In this series host Stephen Platt, interviews key figures in the world of financial crime prevention and examine successes and failures in the global fight against money laundering and related crimes including drug trafficking, bribery and corruption, sanctions evasion, human trafficking and tax evasion.
In the most recent episode of the AML Talk Show, host Stephen Platt was joined by Robert Mazur, former US Customs special agent and author of The Betrayal and The Infiltrator. Below is an excerpt from the transcript.
What he said was to secure an advantage and to be more effective, we need to do perhaps less, not more. And I thought that was very thought provoking because anti-money laundering has been characterized in recent years as inexorably involving more staff, more money, more expenditure. There are huge costs involved, but the industry’s compliance performance still leaves a lot to be desired. Do you think there’s something in the point that Martin makes? Do you think that if we were to do less, if we were to work smarter, we might achieve more?
Absolutely. I have always been a proponent of the risk based analysis. If I were involved in compliance in a international bank, I would … first of all, we have to recognize that we’re there. Yes, we are there for the purposes of filing these reports and hope that it’s going to be part of making a difference. But we also are there for the purposes of protecting the reputation of the institution. So in order to protect the reputation of the institution, dependent upon the terms imposed upon the banking industry by the regulators, we are going to unfortunately have to deal with some of that craziness of ticking the box until the regulators are told that ticking the box isn’t as important. Because we can have this idea of know your data, but we got to get them on board as well.
I would have an enhanced compliance section. My enhanced compliance section would be focused looking at accounts based upon geographic risk, business type risk, product type risk, transaction pattern type risk. Those issues would cause me as I got to know the portfolio well, and I spent time with the sales side so I know the portfolio well. Because of my background, I think I could identify those account relationships that have the very highest possibility of abusing the system for the purposes of moving illicit funds. And I would be focusing my enhanced group on those particular accounts and constantly being vigilant about the nature of the transactions.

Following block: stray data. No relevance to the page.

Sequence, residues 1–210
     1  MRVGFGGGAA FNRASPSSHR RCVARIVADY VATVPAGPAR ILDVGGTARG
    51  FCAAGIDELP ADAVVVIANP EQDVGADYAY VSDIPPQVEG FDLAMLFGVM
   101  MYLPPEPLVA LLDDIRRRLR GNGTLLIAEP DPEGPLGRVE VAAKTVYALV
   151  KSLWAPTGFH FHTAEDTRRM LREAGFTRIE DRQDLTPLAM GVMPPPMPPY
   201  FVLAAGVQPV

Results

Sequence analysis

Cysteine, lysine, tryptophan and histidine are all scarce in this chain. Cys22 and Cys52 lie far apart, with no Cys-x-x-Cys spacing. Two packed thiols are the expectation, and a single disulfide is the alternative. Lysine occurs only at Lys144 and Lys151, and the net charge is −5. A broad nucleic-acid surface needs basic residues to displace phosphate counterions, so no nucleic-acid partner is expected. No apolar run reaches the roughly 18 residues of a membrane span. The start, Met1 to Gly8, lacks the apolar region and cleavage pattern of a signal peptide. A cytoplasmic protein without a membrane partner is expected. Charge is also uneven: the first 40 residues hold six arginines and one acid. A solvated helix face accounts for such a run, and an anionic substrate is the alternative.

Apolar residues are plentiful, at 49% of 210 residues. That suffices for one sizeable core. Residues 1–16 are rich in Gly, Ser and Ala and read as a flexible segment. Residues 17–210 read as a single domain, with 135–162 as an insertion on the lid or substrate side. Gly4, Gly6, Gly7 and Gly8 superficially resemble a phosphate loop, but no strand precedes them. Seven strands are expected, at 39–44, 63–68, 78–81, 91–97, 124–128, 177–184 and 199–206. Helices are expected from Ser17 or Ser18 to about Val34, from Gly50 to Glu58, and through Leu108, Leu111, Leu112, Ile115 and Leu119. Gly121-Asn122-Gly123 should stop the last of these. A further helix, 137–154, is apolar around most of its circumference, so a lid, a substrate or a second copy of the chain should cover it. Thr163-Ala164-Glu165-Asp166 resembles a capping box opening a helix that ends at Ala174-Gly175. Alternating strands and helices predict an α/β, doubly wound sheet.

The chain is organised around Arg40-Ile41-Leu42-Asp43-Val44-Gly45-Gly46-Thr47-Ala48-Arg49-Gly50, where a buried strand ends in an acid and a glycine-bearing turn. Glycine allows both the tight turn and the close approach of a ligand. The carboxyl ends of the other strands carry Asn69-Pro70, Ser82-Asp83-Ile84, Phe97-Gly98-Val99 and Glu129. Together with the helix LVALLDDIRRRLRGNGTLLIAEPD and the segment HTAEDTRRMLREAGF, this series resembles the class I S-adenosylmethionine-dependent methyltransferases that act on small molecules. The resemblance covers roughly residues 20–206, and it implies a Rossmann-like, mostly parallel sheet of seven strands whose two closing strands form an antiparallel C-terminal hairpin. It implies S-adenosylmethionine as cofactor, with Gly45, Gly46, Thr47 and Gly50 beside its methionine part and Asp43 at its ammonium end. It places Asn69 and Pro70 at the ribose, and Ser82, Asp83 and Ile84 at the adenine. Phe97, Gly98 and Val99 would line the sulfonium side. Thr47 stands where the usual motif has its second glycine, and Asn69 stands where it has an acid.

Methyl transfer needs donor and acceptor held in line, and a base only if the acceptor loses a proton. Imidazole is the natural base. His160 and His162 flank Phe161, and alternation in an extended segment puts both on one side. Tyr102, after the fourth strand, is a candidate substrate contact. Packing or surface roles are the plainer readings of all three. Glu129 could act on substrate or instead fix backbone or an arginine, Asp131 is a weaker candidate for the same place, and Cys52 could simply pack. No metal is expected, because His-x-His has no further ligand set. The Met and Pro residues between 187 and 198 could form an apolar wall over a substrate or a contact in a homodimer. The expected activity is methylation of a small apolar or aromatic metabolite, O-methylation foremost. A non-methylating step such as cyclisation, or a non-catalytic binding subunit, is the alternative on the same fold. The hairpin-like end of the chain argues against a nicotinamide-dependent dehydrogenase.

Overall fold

And I would also want that enhanced segment to have an enhanced rapport with those within the law enforcement and regulatory world who as a team, we can work with using the Patriot Act and safe harbor to share information and then weed out from those in that one pile that we’ve come up with, which ones are the real, real problems. Which are the ones that we either need to onboard, or in some instances, the U.S. government or a government asks you to leave an account open because they want the intelligence that’s going through there. If that’s something that the institution wants to consider, then that’s something that could serve that purpose. But I really do believe that we need to recognize that all accounts cannot be handled the same way. If we continue to handle it that way, we create so much paperwork that’s useless, that we bog the system down. And for those within the financial intelligence units who try to make a positive achievement out of an analysis of those records, we make their job so much harder when we put all of that stuff in there.
You can also listen to the episode with the full transcript here.